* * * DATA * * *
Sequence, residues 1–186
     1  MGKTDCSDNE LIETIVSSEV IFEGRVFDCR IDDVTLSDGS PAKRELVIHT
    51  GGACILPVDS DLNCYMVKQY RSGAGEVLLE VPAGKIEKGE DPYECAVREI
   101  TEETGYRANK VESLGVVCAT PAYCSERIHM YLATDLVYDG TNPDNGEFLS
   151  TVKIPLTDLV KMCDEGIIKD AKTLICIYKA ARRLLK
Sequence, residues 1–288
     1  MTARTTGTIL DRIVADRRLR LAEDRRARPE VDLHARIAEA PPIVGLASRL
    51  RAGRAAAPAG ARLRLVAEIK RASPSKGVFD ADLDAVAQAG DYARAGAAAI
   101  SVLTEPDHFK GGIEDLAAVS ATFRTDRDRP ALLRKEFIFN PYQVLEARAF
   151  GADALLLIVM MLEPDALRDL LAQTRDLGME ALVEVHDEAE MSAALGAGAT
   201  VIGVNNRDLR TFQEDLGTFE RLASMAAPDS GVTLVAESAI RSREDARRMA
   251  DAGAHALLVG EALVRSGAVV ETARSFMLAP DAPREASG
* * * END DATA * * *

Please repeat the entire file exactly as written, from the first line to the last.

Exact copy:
Sequence, residues 1–186
     1  MGKTDCSDNE LIETIVSSEV IFEGRVFDCR IDDVTLSDGS PAKRELVIHT
    51  GGACILPVDS DLNCYMVKQY RSGAGEVLLE VPAGKIEKGE DPYECAVREI
   101  TEETGYRANK VESLGVVCAT PAYCSERIHM YLATDLVYDG TNPDNGEFLS
   151  TVKIPLTDLV KMCDEGIIKD AKTLICIYKA ARRLLK
Sequence, residues 1–288
     1  MTARTTGTIL DRIVADRRLR LAEDRRARPE VDLHARIAEA PPIVGLASRL
    51  RAGRAAAPAG ARLRLVAEIK RASPSKGVFD ADLDAVAQAG DYARAGAAAI
   101  SVLTEPDHFK GGIEDLAAVS ATFRTDRDRP ALLRKEFIFN PYQVLEARAF
   151  GADALLLIVM MLEPDALRDL LAQTRDLGME ALVEVHDEAE MSAALGAGAT
   201  VIGVNNRDLR TFQEDLGTFE RLASMAAPDS GVTLVAESAI RSREDARRMA
   251  DAGAHALLVG EALVRSGAVV ETARSFMLAP DAPREASG